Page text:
The Bishop of Durham has been officially confirmed as the next Archbishop of Canterbury, in an appointment that was widely expected.
The Rt Rev Justin Welby succeeds Dr Rowan Williams as the spiritual leader of the 77 million-strong Anglican Communion.
The former oil industry executive becomes the 105th holder of the post.
As he addressed the media, he began by saying a prayer and then joked that his appointment was "the best kept secret since the last Cabinet reshuffle".
He went on: "To be nominated to this post is both astonishing and exciting", and it was something "he never expected".
The clergyman, who has been Bishop of Durham for only a year, admitted that the last few weeks "have been a rather strange experience".
He added: "We are at one of these rare points where the tide of events is turning and the Church nationally, including the Church of England, has great opportunities to match its very great but often hidden strengths.
"I feel a massive sense of privilege at being one of those responsible for the leadership of the Church in a time of spiritual hunger when our network of parishes and schools, and above all people, means we are facing the toughest issues in the toughest places."
He told reporters that one of the biggest challenges was taking over from Dr Williams, who he claimed "will be recognised as one of the greatest Archbishops of Canterbury".
Bishop Welby also said he was "utterly optimistic about the future of the Church".
He added: "We'll certainly get things wrong, I certainly will. But the grace of God is greater than our biggest failures. We will also certainly get much right and do so already."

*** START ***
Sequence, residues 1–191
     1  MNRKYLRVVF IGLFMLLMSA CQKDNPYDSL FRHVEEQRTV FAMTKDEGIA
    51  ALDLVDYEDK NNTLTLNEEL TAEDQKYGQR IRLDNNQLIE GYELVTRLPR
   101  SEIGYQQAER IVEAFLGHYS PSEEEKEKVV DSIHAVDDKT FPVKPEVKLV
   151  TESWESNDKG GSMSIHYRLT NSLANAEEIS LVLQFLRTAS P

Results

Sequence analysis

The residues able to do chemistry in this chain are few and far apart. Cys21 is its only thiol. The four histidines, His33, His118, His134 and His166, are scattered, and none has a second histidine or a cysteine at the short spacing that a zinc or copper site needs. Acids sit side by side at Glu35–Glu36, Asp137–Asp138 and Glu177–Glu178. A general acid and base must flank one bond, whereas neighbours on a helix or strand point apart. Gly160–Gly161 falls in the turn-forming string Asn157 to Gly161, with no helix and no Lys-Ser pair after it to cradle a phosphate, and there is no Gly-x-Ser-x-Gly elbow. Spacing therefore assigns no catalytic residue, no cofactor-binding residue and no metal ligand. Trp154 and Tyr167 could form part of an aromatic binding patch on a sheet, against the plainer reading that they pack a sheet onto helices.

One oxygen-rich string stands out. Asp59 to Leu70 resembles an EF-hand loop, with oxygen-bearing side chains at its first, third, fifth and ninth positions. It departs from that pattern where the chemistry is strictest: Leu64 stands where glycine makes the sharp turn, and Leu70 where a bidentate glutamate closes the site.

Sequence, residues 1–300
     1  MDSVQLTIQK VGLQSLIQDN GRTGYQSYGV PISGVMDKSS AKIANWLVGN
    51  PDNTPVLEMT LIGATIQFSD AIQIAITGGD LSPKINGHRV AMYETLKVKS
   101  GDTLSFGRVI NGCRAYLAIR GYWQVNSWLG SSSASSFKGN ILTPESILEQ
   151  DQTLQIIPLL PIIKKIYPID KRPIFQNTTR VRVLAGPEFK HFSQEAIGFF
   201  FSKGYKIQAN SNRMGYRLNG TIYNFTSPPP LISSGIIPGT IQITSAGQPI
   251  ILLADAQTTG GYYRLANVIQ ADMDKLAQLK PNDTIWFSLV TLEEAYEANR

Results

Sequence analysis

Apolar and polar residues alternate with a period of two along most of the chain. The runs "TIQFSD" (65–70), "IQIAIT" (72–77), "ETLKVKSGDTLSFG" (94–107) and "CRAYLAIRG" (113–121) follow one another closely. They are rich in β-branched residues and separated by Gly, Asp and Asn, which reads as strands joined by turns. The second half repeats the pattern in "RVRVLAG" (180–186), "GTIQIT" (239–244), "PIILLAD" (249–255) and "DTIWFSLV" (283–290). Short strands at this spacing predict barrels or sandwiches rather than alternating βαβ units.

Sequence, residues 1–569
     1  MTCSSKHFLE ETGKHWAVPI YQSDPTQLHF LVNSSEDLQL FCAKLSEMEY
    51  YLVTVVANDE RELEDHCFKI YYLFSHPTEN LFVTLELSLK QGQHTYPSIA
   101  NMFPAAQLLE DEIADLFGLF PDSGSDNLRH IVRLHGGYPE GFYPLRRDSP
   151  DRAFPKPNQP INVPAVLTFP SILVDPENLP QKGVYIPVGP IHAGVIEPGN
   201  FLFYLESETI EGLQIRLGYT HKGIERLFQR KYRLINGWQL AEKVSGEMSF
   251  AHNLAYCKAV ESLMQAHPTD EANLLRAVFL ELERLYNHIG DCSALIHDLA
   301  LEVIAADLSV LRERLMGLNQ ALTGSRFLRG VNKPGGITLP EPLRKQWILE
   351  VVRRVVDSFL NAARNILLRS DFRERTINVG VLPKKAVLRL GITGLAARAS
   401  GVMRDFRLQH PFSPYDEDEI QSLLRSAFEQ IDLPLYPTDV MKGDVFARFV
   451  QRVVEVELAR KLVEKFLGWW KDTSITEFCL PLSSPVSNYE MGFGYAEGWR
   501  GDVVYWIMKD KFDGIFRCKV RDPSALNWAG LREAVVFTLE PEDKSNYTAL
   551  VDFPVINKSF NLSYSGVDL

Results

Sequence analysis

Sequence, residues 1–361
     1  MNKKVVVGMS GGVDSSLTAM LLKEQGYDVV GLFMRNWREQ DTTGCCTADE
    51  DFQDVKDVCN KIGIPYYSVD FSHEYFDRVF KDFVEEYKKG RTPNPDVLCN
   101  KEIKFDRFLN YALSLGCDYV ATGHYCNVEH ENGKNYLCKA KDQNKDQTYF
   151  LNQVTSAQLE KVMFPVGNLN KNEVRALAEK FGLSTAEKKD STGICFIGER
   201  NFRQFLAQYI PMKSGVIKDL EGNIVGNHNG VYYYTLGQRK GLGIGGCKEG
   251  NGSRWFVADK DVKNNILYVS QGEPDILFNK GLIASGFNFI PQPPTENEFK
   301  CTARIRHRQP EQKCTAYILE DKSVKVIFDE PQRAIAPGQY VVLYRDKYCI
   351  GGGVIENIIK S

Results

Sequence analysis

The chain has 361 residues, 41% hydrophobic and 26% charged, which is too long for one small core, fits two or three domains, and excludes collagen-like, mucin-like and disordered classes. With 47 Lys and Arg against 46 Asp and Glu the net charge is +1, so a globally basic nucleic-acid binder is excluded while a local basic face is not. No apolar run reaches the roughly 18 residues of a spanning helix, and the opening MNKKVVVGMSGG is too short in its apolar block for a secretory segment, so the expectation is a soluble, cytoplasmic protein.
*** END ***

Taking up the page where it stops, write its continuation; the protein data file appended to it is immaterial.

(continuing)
Bishop Welby takes over the leadership of an institution battered in recent years by rows over women bishops and gay priests.
Dr Williams' tenure has been marked by a bruising war between liberals and traditionalists in the Church of England and the wider Anglican Communion over the issue of homosexuality.
The new appointment also comes as the Church of England stands poised to give final approval later this year for the introduction of women bishops following several years of tortuous negotiations and the departure of some Anglican bishops to the Catholic Church.
The new archbishop, who was first ordained as a deacon in 1992, will also have to face declining Church congregations.
The Bishop of Chichester, Martin Warner, welcomed his appointment, saying he would bring "many gifts and a rich experience of life to this calling".
But he warned: "He faces a daunting task, but the priority he attaches to a spiritual life of prayer, to reflection on the Bible and dependence upon the holy spirit will sustain him, as will the love and support of his family and friends.
"To that support I add my own and my prayers for his future ministry."
Prime Minister David Cameron also welcomed Bishop Welby's appointment and he "wished him success in his new role".